Ocmulgee River District Supervisor Planting Longleaf Pines

 

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Longleaf pine forests once encompassed more than 90 million acres of the North American landscape. Today, only three percent, or 3.4 million acres, remain and, yet, Longleaf pine forests represent some of the world's most biologically diverse ecosystems. The Longleaf pine ecosystem provides critical habitat for 29 threatened and endangered species.

The USDA's Natural Resources Conservation Service (NRCS) has designated the Longleaf Pine Range as one of eight Critical Conservation Areas (CCAs) in the U.S.

As part of the initiative, NRCS and its conservation partners in nine states are helping private landowners improve the sustainability and profitability of Longleaf pine forest ecosystems.

Ocmulgee River Soil and Water Conservation District Supervisor Tim Allen and his wife Harriette are working to establish longleaf pine trees on their farm in Pulaski County, Georgia.

“It’s the right thing to do,” Tim Allen said. “It’s a way to conserve for our future, for my children, and grandchildren on down the road. If you’re not into farming, row crops and things, plant your idle land in trees. Trees give us clean oxygen and wildlife habitat.”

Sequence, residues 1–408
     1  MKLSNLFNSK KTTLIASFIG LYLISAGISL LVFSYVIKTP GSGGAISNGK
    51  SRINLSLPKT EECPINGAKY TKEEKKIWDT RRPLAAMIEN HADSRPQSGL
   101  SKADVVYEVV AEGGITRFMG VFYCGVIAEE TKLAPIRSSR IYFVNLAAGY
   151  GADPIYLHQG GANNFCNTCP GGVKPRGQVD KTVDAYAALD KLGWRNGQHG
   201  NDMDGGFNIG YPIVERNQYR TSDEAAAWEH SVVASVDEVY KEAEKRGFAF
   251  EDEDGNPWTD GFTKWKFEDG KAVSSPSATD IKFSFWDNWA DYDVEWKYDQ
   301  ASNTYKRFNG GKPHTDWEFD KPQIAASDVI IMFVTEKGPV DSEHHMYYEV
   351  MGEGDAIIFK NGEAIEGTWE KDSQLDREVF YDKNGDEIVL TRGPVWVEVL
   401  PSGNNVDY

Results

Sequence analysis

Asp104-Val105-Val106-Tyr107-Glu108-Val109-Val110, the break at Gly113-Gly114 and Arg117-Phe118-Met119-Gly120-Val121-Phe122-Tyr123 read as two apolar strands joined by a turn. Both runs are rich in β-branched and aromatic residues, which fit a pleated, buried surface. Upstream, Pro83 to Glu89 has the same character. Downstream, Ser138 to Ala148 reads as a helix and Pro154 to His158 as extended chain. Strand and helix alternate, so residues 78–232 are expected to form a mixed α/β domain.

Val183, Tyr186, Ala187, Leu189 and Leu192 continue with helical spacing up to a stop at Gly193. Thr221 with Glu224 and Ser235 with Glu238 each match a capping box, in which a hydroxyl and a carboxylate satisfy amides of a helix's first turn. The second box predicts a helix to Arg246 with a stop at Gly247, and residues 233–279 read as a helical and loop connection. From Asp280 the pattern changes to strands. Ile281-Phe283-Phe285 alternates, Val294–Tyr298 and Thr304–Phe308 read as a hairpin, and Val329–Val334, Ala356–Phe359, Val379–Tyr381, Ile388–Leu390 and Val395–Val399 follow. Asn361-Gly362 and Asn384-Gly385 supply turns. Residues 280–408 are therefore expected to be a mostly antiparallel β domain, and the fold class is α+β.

Working with the NRCS, they’re working through the Environmental Quality Incentives Program to manage healthy forests. The Allens are doing their part to contribute toward NRCS’s effort to restore longleaf pine across the Southeast. America's Longleaf Pine Initiative has set a goal of increasing longleaf acreage from 3.4 million to 8 million acres in 15 years.

"In the last couple of years, we’ve seen bobwhite quail come back on our property,” Allen said. “We hadn’t seen any in 20 to 25 years. We just love to listen to them call their unique call. Bobwhite is what it sounds like.”

Encouraging signs of life like these will not only help keep the Allens focused on longleaf pine restoration efforts but will also continue to inspire the Georgia Soil and Water Conservation Commission, NRCS, and conservation partners to reach more private landowners and help them improve sustainability and profitability of longleaf pine forest ecosystems across Georgia and in eight other states.